• Early data shows strong interest in fixed income allocations as global return expectations rise
  • Flows into fixed income ETFs rose in late 2022, particularly into global bond ETFs
  • Unusual correlation between bonds and equities in 2022 set to end, benefiting balanced portfolios

 

After being out of fashion for much of the past decade, bonds are set to come back in vogue (along with the bob and lob haircut I’m considering) in 2023.

That’s the view of ETF issuer Vanguard which forecasts increased flows into bond ETFs in Q4 2022 are set to continue in 2023.

Vanguard believes rising interest rates and improved market outlook is set to bring bonds back to being an investment option of choice this year.

It’s been an interesting few years for the bond market, which largely fell out of fashion in the years following the Global Financial Crisis.

Investors tended to get a better yield on their cash rate in a bank than with a government or corporate bond.

Meanwhile, investors were also earning plenty of income from their share portfolios, encouraged by the dividend imputation regime that boosted the incentive for companies to pay out their earnings.

The Reserve Bank of Australia (RBA) said dividends paid by Australian listed companies have grown substantially since the GFC, most notably among large resource companies and the banks.

Vanguard’s Head of ETF Capital Markets Asia-Pacific Minh Tieu said flows into fixed income ETFs rose significantly in late 2022, particularly into global bond ETFs from $50 million in Q3 CY23 to $492 million in Q4.

Year on year domestic bond ETFs saw the highest increase in cash flows with 65%, recording $2.8 billion in 2022 compared to $1.7 billion in 2021.

“In 2023, our return expectations for fixed income have significantly increased compared to a year ago,” Tieu said.

“Thanks to higher starting interest rates as a result of central banks around the world working to quell persistent inflation, we forecast global bonds to return 3.9-4.9% and domestic bonds to return 3.7-4.7% over the next decade, a 2-percentage point increase.

“We saw the beginning of increased demand for fixed income ETFs in late 2022 and expect investor interest to grow as this new year unfolds.”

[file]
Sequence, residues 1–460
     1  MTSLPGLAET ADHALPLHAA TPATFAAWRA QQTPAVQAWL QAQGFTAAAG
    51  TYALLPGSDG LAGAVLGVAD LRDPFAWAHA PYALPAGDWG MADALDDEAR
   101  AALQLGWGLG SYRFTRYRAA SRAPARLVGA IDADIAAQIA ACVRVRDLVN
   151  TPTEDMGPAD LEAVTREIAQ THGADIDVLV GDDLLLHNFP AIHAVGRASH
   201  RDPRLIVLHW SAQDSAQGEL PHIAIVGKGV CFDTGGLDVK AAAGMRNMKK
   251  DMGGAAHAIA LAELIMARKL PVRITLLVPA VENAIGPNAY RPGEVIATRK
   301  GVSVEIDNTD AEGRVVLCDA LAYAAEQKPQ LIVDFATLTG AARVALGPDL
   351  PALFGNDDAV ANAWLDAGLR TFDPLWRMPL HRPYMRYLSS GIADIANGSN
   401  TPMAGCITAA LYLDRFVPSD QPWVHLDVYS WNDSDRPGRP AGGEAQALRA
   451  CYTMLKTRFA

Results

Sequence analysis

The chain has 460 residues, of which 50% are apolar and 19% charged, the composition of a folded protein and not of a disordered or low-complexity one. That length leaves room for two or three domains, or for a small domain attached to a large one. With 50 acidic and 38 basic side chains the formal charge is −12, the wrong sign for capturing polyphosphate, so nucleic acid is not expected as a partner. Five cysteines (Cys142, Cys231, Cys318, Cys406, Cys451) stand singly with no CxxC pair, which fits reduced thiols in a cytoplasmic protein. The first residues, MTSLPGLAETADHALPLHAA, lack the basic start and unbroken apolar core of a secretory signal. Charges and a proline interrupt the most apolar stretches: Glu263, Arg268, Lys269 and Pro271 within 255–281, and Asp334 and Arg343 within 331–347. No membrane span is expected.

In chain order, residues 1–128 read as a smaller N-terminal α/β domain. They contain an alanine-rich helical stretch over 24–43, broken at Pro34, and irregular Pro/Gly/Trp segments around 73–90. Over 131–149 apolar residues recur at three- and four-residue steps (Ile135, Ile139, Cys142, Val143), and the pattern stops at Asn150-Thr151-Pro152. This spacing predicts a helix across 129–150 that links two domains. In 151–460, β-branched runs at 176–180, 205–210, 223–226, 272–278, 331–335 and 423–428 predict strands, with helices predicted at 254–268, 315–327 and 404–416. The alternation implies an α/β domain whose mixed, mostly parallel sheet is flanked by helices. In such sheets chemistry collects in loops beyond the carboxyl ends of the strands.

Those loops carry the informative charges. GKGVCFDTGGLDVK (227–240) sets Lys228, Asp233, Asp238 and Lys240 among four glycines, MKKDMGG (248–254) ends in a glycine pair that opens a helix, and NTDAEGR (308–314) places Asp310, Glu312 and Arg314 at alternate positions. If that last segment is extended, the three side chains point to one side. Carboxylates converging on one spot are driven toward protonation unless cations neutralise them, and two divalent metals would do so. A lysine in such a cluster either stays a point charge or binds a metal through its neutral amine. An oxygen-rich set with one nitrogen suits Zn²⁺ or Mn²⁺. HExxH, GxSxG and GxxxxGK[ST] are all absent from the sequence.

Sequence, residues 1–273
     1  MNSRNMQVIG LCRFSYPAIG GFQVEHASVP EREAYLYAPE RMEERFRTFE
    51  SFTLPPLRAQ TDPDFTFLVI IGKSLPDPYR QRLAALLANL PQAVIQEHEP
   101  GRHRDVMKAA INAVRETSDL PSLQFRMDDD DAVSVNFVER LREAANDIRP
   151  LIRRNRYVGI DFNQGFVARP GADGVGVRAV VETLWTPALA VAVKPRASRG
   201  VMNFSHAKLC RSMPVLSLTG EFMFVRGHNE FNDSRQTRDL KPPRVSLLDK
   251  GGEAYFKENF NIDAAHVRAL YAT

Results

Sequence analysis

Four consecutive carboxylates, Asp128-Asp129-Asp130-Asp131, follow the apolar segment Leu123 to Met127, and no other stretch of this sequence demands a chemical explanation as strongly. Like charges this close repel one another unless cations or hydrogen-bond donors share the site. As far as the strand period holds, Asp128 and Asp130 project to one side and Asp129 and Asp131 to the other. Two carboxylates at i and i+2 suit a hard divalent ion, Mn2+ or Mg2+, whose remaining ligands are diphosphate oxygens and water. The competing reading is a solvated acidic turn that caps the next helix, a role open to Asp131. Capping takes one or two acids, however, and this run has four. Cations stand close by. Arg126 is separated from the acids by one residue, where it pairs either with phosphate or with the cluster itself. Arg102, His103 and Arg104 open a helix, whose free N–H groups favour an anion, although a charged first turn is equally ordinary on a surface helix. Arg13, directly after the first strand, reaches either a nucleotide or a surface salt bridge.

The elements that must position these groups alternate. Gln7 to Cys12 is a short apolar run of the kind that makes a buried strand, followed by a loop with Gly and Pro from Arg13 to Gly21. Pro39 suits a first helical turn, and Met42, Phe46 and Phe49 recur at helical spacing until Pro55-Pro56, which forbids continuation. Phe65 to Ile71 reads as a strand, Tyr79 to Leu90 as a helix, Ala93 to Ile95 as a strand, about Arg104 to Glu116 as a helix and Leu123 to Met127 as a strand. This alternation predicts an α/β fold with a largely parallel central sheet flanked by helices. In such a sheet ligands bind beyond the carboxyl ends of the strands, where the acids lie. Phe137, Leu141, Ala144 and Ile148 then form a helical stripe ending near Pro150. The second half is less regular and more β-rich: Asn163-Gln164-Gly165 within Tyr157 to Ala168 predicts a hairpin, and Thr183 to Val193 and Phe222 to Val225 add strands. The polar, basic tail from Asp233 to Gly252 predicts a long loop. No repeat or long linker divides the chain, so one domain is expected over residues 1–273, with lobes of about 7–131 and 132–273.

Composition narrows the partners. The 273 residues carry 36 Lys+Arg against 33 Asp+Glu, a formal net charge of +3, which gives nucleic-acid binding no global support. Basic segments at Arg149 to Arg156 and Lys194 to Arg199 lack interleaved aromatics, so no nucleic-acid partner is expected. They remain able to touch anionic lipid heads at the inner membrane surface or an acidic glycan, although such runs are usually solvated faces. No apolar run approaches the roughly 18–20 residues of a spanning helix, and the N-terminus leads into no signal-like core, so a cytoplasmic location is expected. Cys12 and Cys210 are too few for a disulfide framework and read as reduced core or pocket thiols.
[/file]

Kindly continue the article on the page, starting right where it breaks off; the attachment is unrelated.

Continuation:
End to bonds and equities falling at once

Basic economic theory teaches there’s an inverse relationship in bonds and share markets.

When there’s prolonged price declines in equities, bond prices generally rise as investors seek a safe haven.

However, the latest market drawdown defied bonds 101 teaching with both bonds and equities falling simultaneously.

“The unusual correlation we saw between bonds and equities in 2022 is also set to end, delivering greater diversification benefits to balanced portfolio holders,” Tieu said.

He said while there was a lot of commentary about the death of the 60/40 portfolio with 60% of assets in equities and 40% in fixed income, there is likely to see a flip in sentiment this year as bond returns turn positive.

“The reason you have a balanced portfolio is generally equities and bonds go in opposite directions and diversify each other,” he said.

“But in last few years bonds and equities have been moving in the same direction which meant that the 60/40 portfolio didn’t make a lot of sense.

“However, we are coming out of that now so I expect to see a bit more of a return to the 60/40 portfolio.”
 

Diversity the key

According to Vanguard’s 2023 economic and market outlook, there’s a 40% chance of recession in Australia, notably lower than the 90% odds placed on the US, UK and Euro area.

He said ETF investors wondering where they should invest next should first and foremost consider their long-term goals, timeframe, and risk tolerance.

“Investors who are coming into the new year with concerns about recession might find solace in knowing that broadly diversified ETFs have proved resilient even in the face of economic uncertainty,” Tieu said.

He said market outlooks are useful to consider but they shouldn’t dramatically alter asset allocations but rather set realistic expectations and encourage healthy portfolio diversification.

“While we’ve maintained that history has proven the worth of balanced portfolios no matter the market conditions, the key takeaway for investors here is that sticking with a diversified asset allocation and avoiding the urge to time the market is the best way to achieve long-term investment success, no matter which asset class is predicted to outperform,” he said.